The past few months have seen a wave of discussion about race and South Africa’s literary landscape. Perhaps, the most well known, was writer Thando Mgqolozana’s comment “I will never be seen at another literary festival unless it is a black literary festival.” The sentiment was/is that many literary festivals parade black authors for the amusement of a mainly white audience. The fact that the country’s main publishers are mostly white owned, is another indictment on the literary landscape.
But, local publishing company, Jacana, is hoping to change this, by launching a new imprint next month, run by a skilled, black publisher, Thabiso Mahlape. BlackBird Books hopes “to provide a platform and a publishing home to both new voices and the existing generation of black writers and narratives”, a statement by Jacana reads.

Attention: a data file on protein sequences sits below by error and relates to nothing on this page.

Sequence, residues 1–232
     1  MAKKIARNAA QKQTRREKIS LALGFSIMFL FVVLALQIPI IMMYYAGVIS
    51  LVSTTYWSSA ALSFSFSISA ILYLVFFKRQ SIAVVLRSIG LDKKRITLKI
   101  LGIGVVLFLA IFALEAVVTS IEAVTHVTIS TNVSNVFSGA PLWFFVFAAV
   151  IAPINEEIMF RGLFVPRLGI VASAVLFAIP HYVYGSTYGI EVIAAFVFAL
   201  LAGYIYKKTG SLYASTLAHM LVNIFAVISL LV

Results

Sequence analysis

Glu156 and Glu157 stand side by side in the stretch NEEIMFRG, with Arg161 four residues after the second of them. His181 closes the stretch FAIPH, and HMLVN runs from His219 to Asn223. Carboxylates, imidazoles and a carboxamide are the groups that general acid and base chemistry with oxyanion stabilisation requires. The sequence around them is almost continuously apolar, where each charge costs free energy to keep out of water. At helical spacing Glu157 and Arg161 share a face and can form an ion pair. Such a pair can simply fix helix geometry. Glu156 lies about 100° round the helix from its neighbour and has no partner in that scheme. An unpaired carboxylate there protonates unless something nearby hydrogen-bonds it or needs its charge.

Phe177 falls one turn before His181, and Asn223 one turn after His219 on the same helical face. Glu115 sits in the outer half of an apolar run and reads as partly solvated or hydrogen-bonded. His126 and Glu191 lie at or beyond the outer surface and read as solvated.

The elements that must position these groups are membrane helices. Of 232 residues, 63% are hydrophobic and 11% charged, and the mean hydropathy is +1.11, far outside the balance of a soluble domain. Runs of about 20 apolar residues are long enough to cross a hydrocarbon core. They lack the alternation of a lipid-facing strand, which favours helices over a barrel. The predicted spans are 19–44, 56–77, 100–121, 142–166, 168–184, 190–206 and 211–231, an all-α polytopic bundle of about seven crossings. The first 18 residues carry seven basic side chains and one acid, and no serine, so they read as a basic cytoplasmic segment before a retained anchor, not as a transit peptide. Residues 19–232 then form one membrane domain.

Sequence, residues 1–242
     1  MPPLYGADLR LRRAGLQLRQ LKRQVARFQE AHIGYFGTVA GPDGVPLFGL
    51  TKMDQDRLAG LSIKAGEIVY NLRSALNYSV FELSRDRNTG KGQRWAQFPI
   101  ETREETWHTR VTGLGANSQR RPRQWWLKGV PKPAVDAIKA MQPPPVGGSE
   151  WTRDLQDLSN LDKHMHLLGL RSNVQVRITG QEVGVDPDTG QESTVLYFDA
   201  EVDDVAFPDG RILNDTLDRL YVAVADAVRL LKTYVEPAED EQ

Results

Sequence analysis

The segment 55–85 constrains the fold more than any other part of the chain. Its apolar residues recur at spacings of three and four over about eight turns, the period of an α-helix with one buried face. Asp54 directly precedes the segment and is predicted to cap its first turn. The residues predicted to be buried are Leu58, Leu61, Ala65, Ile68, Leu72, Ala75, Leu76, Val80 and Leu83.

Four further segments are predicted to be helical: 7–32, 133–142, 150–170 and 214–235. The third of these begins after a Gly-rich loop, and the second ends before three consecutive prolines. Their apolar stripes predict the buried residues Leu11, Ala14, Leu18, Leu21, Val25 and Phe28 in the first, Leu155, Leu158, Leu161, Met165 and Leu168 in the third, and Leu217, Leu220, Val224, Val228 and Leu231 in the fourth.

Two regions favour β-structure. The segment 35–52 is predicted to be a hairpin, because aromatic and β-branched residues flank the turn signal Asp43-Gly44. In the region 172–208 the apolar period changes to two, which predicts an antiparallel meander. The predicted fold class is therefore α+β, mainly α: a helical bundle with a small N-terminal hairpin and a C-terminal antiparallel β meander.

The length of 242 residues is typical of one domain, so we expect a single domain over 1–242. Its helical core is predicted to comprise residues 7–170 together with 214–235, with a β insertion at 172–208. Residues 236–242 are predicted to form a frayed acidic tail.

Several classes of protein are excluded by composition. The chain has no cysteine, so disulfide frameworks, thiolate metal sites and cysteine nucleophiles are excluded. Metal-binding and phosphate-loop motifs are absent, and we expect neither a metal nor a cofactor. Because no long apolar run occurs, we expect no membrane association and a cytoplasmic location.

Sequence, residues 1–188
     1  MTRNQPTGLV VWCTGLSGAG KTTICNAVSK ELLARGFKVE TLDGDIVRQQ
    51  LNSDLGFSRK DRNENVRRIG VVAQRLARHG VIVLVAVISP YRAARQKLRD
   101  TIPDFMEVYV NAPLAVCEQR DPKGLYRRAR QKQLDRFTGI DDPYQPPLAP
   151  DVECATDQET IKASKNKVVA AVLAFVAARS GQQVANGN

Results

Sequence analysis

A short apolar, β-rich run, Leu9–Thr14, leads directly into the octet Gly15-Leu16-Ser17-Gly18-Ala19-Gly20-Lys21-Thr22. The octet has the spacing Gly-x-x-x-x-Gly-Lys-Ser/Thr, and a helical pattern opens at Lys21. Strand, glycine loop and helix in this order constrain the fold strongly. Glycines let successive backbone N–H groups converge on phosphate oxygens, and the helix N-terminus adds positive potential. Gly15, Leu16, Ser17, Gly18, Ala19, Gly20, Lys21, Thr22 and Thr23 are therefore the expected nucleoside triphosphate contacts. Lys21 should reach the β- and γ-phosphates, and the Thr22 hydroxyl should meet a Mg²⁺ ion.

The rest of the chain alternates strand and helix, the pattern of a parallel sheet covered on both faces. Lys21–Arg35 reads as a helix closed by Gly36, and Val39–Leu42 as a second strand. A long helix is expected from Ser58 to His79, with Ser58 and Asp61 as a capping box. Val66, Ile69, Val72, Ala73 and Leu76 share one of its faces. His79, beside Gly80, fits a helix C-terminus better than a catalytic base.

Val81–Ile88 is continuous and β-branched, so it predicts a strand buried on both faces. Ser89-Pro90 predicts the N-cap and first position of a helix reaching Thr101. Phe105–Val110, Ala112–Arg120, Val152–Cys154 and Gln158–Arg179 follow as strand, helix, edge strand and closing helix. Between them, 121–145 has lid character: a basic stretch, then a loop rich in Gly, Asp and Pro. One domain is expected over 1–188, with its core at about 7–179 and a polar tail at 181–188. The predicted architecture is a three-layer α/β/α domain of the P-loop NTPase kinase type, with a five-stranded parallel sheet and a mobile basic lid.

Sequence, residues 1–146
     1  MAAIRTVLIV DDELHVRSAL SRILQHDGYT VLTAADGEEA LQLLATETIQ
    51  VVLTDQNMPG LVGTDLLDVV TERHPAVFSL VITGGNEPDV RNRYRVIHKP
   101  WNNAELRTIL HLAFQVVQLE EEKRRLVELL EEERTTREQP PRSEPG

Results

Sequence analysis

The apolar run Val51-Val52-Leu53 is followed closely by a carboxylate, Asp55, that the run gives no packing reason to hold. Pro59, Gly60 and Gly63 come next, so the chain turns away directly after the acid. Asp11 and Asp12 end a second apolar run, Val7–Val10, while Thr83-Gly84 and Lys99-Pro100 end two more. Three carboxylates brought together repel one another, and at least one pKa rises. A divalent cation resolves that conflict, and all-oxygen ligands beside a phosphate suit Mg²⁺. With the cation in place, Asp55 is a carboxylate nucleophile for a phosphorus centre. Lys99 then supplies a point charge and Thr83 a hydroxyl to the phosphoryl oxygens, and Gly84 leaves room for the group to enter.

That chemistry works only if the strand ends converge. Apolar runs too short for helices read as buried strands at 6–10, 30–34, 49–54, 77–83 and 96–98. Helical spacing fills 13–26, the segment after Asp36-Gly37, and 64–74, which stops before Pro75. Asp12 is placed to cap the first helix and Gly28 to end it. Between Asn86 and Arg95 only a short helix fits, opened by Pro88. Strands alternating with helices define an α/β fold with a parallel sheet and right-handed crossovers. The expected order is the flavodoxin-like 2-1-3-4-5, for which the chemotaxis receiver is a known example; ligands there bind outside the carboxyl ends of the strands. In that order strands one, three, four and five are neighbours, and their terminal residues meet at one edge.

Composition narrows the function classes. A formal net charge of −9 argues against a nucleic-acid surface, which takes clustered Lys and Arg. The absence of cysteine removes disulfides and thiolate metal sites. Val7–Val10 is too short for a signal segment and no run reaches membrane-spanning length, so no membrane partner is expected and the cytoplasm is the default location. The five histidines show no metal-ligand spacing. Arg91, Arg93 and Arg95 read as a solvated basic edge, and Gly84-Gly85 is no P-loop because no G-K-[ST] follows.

Mahlape’s successes include critically acclaimed bestsellers such as Redi Tlhabi’s Endings & Beginnings, McInstosh Polela’s My Father My Monster, and Malaika wa Azania’s Memoirs of a Born Free.
In a press release, the 31-year-old Mahlape describes BlackBird Books as a ground-breaking move in the South African literary landscape, and says that her inspiration and direction comes largely Nat Nakasa’s dream of launching a literary magazine for black writers, similar to Drum, something that was never realized. She also cites Nina Simone’s writing about “the pain of knowing that the world wouldn’t allow a ‘blackbird’ to fly”.
The imprint will be launched on the 12th of August. It’s first books published will be Stevel Marc’s The Refined Player: Sex, Lies and Dates, Nakhane Touré’s Piggy Boy’s Blues, and Panashe Chimugadzi’s Sweet Medicine.